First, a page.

Re: Ninth Amendment (was Re: Spy planes was: Transhuman fascists?)

Date: Sun Apr 09 2000 - 07:40:56 MDT

In a message dated 4/4/00 1:20:42 AM Central Daylight Time,

> > I don't read the IXth ammendment this way. The text says:
> >
> > The enumeration in the Constitution, of certain rights,
> > shall not be construed to deny or disparage others
> > retained by the people.
> >
> > I'm no constitutional law scholar, but this just seems to say "The fact
> that
> > a subject is addressed in the Constitution doesn't mean that it
> > other rights the people may have," or alternatively, "the Constitution
> > not an exhaustive enumeration of rights."
> Since I don't see what Greg disputes in Mike's interpretation, I'm willing
> to
> go along with his paraphrasing. Now, if like some jurisprudes, Greg
> to claim the 9th does not cover *individual* rights, I'll have a bone to
> pick. Ditto if he thinks that the Founders did not have natural rights in
> mind; scholarship has quite firmly established that matter, in my opinion.

It's a fine point and I think you're right that we don't disagree about the
ultimate effect, but as a matter of simple textual construction and logic, I
don't think you can look to the IXth amendment as a SOURCE of rights. I
think the most we can say is 1) that it's not inconsistent with rights that
arise from or have their legal authority in some other source and 2) that
from this we can safely imply that the Founders believed that there were such
other sources of human rights. The little education I have in constitutional
historical scholarship does bear out that the Founders shared an almost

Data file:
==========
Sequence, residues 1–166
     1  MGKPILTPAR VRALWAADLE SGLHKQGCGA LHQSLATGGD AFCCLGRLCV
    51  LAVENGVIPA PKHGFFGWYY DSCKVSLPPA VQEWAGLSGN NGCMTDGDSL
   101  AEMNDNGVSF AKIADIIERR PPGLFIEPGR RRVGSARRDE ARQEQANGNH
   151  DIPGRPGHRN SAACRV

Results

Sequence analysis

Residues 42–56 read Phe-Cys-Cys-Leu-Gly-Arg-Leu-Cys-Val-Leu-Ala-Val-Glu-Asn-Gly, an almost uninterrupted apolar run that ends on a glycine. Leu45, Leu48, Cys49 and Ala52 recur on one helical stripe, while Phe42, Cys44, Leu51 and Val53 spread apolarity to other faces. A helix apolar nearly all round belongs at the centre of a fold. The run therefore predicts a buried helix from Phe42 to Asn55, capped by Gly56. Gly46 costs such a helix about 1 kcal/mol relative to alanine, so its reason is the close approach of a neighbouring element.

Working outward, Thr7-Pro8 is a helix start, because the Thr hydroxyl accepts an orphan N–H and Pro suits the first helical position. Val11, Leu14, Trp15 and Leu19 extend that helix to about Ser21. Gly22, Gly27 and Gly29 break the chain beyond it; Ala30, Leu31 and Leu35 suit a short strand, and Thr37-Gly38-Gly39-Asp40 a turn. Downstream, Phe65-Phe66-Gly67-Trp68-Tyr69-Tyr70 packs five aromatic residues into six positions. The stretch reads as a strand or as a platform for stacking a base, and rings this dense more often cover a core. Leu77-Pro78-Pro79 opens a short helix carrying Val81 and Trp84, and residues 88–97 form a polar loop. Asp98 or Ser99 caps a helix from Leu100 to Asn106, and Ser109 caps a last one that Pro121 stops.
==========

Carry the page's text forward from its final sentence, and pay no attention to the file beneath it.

universal belief in "natural rights". Their thinking about the source of
natural rights was somewhat diverse, though; some finding the basis for them
in religious ideas, others in a kind of fictitious anthropology derived from
Locke. Thus the textual ambiguity regarding "supra-constitutional rights"
was good drafting on the part of the Founders, sincce it left that issue
open. Ironically, the basis of a concept of "natural rights" that many
extropians would likely find compelling, the work of Adam Smith, was just
coming to the attention of the world at that time, and so wasn't a mature
intellectual system yet from which the Founders could have derived a more
rigorous secular theory of natural rights.

       Greg Burch <>----<>
      Attorney ::: Vice President, Extropy Institute ::: Wilderness Guide -or-
                                           ICQ # 61112550
        "We never stop investigating. We are never satisfied that we know
        enough to get by. Every question we answer leads on to another
       question. This has become the greatest survival trick of our species."
                                          -- Desmond Morris

This archive was generated by hypermail 2b29 : Thu Jul 27 2000 - 14:09:10 MDT